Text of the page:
OBJECTION 3: "You’re all the same. What makes you different?"
This goes back to the first objection. They see you, their incumbent, and all of your competitors as the same in terms of approach, service, and results. The key here is to differentiate your approach and interrupt the prospect’s usual buying patterns and objections as soon as you begin interacting with them.
But let’s say that you didn’t differentiate your approach from the start, and they threw this objection at you. What do you do now?
When they say, "you’re all the same," ask them what they mean by this. The prospect will typically share all of the bad things their current provider and past companies have done when servicing them. Now you can talk about the challenges they’re facing and figure out if you can help them solve those problems.
When they ask, "what makes you different?" don’t defend, justify and show them all of the great things your company can do for them. This is how your competition handles objection and the prospect’s heard the same song and dance a hundred times before. Instead, interrupt their buying pattern by saying, "I’d be happy to discuss this. How about I share some of the challenges that we help companies solve and you tell me if any of those are relevant to your business. Then we can decide if it makes sense to continue this discussion." This allows you to focus on solutions, not benefits.
OBJECTION 4: "Just send me info and I’ll get back to you."
This is another one of the most common objections out there. This is usually the prospect’s nice way of saying, "I have no interest in what you’re selling or desire to talk further, so instead of telling you no, I’ll ask for more information so you get off the phone feeling you accomplished something and I can go about my day." A good prospect is one who agrees to set aside some time to talk further after you send them information. All others are politely telling you "no" and are not ideal prospects for you to pursue.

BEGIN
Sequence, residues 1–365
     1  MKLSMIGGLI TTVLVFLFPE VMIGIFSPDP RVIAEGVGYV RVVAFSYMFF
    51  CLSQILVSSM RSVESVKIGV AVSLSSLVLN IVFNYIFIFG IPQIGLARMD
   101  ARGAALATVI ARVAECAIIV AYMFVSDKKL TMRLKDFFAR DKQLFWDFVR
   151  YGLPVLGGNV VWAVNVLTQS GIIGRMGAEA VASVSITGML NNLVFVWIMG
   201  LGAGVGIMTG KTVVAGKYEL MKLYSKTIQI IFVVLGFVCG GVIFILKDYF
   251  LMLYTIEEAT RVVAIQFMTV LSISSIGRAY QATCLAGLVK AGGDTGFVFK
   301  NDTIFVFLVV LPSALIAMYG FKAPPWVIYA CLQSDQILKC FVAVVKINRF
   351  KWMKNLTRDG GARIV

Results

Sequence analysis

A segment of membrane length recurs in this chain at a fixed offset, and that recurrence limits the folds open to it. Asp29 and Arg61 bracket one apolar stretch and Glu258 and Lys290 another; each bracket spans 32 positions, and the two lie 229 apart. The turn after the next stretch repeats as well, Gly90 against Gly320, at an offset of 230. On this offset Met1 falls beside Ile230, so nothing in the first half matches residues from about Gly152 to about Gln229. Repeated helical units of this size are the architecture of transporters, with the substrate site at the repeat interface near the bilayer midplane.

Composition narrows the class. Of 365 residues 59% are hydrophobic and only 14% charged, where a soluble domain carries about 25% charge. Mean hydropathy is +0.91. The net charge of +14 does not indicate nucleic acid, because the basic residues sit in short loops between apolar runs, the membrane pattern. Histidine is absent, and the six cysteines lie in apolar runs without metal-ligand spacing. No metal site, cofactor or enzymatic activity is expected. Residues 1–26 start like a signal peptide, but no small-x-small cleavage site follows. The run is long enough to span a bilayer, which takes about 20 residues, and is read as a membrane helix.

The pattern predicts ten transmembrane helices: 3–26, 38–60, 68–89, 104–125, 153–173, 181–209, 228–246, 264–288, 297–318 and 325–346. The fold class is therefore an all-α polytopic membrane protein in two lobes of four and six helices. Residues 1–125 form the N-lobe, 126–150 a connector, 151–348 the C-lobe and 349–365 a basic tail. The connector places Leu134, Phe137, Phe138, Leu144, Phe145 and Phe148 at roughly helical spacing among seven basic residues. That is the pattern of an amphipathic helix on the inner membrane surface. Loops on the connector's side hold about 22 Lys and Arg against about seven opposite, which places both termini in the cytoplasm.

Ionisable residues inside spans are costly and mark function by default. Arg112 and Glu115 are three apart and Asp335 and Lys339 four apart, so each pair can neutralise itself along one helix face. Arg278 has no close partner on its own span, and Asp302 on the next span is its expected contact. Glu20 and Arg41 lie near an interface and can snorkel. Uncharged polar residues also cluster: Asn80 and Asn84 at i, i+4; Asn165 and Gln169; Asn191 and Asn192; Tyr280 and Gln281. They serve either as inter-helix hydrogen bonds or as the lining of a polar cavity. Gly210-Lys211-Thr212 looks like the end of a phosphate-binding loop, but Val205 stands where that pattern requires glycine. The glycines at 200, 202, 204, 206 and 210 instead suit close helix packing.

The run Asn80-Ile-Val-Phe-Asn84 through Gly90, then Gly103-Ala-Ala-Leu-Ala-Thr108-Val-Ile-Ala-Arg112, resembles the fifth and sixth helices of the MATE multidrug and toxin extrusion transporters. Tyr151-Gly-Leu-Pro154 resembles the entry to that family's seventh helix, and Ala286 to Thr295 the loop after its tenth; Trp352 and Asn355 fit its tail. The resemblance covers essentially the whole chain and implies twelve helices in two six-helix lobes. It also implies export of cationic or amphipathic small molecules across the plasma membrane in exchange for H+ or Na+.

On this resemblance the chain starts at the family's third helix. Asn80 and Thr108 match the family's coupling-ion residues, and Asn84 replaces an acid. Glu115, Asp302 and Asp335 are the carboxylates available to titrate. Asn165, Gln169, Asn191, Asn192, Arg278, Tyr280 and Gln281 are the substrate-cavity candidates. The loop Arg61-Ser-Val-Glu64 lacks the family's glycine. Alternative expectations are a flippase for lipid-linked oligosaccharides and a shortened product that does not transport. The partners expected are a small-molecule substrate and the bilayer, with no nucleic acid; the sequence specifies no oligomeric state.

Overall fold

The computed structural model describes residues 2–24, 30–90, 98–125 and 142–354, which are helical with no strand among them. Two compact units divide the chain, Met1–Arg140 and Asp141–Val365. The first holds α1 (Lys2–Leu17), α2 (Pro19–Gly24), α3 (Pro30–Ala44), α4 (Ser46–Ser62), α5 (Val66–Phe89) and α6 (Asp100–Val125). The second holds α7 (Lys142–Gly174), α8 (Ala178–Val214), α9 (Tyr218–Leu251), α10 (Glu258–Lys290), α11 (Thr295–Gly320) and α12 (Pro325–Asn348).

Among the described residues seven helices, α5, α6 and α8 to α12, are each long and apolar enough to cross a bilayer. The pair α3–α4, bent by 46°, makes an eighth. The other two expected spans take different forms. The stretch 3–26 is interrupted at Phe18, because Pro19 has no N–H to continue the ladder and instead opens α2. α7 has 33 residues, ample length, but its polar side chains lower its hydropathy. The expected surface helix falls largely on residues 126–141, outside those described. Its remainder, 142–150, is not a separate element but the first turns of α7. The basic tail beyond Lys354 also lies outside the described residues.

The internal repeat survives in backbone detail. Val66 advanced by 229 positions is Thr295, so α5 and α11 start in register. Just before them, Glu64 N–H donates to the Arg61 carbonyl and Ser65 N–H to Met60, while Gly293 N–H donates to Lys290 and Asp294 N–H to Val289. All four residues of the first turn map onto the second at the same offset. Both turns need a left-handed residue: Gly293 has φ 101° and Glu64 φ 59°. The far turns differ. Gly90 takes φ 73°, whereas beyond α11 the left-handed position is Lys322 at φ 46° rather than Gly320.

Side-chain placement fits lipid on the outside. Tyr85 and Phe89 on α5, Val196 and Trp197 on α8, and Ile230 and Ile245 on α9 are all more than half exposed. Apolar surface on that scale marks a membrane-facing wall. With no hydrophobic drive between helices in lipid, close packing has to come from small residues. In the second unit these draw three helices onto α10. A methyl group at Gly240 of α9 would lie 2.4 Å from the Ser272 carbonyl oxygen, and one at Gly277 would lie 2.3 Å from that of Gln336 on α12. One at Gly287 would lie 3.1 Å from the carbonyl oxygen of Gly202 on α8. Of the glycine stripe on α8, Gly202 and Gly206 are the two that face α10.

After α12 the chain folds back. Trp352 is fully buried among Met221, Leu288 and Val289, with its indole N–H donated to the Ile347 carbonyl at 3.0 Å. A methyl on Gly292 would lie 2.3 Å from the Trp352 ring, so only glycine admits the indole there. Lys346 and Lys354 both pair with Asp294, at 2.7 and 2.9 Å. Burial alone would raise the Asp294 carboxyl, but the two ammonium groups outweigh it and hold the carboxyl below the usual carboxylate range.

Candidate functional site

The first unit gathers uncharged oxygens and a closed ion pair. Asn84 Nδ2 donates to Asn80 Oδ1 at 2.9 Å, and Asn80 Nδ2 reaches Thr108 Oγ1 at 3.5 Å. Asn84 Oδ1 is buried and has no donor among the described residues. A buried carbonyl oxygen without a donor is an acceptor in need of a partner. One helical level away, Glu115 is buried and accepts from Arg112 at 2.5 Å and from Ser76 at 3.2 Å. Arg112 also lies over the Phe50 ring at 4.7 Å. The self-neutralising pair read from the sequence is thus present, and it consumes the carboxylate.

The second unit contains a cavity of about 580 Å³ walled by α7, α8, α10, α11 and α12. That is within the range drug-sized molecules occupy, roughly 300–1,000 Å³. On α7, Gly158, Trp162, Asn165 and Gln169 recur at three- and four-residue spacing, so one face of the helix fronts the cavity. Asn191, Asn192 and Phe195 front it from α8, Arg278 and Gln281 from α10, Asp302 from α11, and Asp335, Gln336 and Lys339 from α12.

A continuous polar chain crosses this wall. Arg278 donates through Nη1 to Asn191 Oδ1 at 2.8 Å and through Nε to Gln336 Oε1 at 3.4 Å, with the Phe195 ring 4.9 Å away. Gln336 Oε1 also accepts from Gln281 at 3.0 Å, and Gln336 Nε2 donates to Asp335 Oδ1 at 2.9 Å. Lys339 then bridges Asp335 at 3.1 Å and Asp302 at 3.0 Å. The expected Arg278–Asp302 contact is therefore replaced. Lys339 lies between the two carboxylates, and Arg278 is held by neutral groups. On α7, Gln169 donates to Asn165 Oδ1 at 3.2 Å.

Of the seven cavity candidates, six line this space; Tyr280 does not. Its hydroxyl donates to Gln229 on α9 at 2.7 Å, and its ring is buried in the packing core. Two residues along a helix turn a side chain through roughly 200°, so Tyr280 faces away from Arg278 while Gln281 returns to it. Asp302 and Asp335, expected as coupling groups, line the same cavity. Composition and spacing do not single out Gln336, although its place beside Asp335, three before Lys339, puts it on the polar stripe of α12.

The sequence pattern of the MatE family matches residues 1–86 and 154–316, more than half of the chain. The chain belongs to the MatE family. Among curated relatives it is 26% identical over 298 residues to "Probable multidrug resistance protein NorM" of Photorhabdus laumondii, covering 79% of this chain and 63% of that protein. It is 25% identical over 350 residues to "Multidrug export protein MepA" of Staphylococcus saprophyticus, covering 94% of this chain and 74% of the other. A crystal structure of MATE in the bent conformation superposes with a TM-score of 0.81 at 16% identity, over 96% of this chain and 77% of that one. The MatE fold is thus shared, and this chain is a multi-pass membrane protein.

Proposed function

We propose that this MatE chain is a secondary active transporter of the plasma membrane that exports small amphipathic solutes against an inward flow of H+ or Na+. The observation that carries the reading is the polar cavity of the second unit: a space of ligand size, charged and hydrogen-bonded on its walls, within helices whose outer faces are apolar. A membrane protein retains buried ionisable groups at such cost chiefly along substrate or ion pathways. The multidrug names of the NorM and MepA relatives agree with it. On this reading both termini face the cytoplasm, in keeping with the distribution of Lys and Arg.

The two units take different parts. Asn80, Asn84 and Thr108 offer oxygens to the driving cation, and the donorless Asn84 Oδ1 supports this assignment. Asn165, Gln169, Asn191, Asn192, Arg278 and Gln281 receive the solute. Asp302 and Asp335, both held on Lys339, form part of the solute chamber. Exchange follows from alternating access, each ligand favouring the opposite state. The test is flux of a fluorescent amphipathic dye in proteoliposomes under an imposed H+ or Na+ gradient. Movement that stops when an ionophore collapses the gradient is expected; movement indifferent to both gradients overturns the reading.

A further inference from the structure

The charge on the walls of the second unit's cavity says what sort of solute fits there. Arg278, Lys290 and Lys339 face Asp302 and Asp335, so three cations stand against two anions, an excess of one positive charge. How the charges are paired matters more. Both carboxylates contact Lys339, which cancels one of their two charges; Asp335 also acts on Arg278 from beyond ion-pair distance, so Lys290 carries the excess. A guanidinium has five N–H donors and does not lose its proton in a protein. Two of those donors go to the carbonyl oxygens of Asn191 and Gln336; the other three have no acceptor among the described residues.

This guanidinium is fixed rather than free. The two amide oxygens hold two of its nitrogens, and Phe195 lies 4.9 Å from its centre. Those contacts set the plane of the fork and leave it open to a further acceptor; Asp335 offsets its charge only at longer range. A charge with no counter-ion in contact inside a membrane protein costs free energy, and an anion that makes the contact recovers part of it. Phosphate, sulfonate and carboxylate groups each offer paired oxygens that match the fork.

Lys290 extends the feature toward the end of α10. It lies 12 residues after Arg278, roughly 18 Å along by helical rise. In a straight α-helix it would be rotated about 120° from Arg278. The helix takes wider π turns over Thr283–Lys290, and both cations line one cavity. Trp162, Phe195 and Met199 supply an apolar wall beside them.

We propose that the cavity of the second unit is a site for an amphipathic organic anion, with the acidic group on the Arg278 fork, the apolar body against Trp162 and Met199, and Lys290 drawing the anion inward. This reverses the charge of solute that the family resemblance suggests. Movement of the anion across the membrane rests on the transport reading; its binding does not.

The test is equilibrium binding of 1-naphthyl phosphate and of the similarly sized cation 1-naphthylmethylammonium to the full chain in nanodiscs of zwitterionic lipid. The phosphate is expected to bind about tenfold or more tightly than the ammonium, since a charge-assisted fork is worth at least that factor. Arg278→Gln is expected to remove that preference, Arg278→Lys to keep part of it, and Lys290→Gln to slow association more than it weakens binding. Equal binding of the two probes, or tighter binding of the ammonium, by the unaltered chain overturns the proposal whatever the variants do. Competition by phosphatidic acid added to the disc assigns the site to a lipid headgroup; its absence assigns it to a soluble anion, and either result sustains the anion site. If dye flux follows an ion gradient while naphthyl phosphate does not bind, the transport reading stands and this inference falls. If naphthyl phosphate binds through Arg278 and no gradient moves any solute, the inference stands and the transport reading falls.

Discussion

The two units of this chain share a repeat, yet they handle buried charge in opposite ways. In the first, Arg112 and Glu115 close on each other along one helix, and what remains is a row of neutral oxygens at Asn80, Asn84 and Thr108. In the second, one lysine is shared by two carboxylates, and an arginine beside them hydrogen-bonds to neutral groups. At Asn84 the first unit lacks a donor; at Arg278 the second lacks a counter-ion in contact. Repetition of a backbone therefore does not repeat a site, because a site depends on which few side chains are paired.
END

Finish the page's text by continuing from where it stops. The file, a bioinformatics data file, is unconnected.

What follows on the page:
The way to handle this objection is to first lower resistance by saying, "I’d be happy to send you some info." After this, let them know that you have a lot of information you could share but you don’t want to bore them or send them something that wouldn’t be relevant. Then ask them what they would like you to send and why. This could also uncover potential problems or challenges they’re facing that you may be able to help them solve. Finally, ask them when they would be willing to put time on the calendar to review the information you sent. This will help you to figure out who is really interested and may need your help and who is just being nice.